A rugged Texan journeyman and a 13-year MMA veteran, Davila needed only seven seconds to put Larson away Saturday night before a crowd of 3,167 at a scaled-down Target Center. “Big Head” scored with a devastating right hook to the jaw that collapsed Larson, forcing referee “Big” John McCarthy into action as Larson laid on his back, eating repeated hammerfists from Davila.
With the upset win, Lubbock’s Davila is now 20-10 as a pro, while the 33-year-old Larson falls to 33-6. Davila is 6-1 in his last seven bouts, having beaten three UFC veterans -- Larson, Pete Spratt and Lodune Sincaid -- in that period.
In the evening's co-feature, “The Ultimate Fighter” and Strikeforce veteran Paul Bradley easily outclassed journeyman Eddie Larrea, earning a first-round submission win.
As usual, Bradley was precise and methodical with his attack. The Minnesota Martial Arts Academy fighter shot a double-leg takedown, moved to half-guard, and secured an arm-triangle choke with ease.
Though Bradley made the mistake of getting rolled to his back, it didn’t matter: Larrea was still helpless and was forced to tap at 2:54 of the first round. The win marked the third consecutive submission victory for “The Gentleman.” The former Iowa Hawkeye wrestler is now 16-2 in his career.
Elsewhere, “TUF 6” finalist Tom Speer found himself in a tougher-than-expected 175-pound bout with Hibbing, Minn.’s Indalecio Tat Romero.
The two men felt each other out early, exchanging punches and top position throughout the first round. Speer found success in the middle frame with kicks to Romero’s body. However, Romero answered with a takedown and ground strikes which bloodied the nose of the UFC vet, making for a tense final period.
Speer continued with his kicking offense chopping the lead leg of “The Mean Bean.” Recognizing his disadvantage on the feet, Romero took Speer to the floor, but Speer showed off his grappling, working for a triangle choke and a kimura in the final 60 seconds. The last minute salvo sealed it for Speer, who took scores of 30-27 and 29-28 twice to earn the unanimous decision.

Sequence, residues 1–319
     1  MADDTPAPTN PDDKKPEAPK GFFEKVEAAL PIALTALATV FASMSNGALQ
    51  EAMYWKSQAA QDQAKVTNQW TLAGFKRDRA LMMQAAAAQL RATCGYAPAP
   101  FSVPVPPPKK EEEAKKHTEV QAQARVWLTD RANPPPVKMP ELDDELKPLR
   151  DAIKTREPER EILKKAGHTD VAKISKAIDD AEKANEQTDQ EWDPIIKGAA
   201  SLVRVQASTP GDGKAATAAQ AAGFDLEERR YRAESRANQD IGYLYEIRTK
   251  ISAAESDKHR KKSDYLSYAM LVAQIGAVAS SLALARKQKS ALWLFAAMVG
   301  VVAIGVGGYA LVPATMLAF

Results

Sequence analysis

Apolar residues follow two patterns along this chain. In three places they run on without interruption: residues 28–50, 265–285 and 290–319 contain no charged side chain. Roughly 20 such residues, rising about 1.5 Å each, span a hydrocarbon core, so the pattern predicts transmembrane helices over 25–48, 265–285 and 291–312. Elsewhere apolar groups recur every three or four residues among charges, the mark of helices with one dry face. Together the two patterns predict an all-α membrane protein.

The closing minute of the bout saw Speer work for a triangle and a kimura; neither came to fruition. However, it was enough for him to secure the win via decision as Andy Kemp scored the bout 30-27, and Joe Fipp and Doug Manning had it 29-28, giving the 26-year-old Speer his 19th pro win.
Elsewhere, Taylor Falls, Minn.’s Melvin Blumer shocked the Target Center by stopping WEC veteran Courtney Buck in the first round to capture the Cage Fighting Xtreme featherweight title.
Blumer, 29, capitalized off of a Buck kick to wrestle his foe to the floor. From there, Blumer moved to mount, securing a mounted triangle choke.
Blumer then utilized an assault of elbows to force Buck unconscious. Referee McCarthy halted the onslaught just 72 seconds into the round.
Blumer's two-minutes-younger identical twin, Marvin Blumer, also tasted success on the evening, as the bantamweight “Bash Brother” used constant submission attempts to snare North Dakotan Jeremy Stetz in an armbar that ended the fight at 2:49 of the first round.
WEC veteran Jeremy Lang made quick work of “Suga” Shane DeZee in a bizarre catchweight contest. Originally set to be contested at middleweight, the bout was changed to a 208-pound affair when Dezee came in 23 pounds over the 185-pound limit.
Despite the unusual occurrence, Lang overcame the weight differential and an early cut to stop the Burnsville, Minn., native with a rear-naked choke in just 38 seconds. Dezee told Sherdog.com after the contest that his weight indiscretion was the result of being hospitalized during training camp for dehydration.
Bellator bantamweight tournament veteran Travis Reddinger walked through Brainerd, Minn.'s Rocco Maggorie. Reddinger took top position early on and had little to worry about from there. Reddinger took over the bout with punches and elbows, allowing him to pass guard and secure a rear-naked choked at 3:30 of the opening frame.
Minnesotan featherweights Mitch Jackson and Gabe Greenberg went back and forth on the floor for nearly 15 minutes, but it was Jackson who triumphed, catching his opponent with a guillotine at 4:22 of the final round.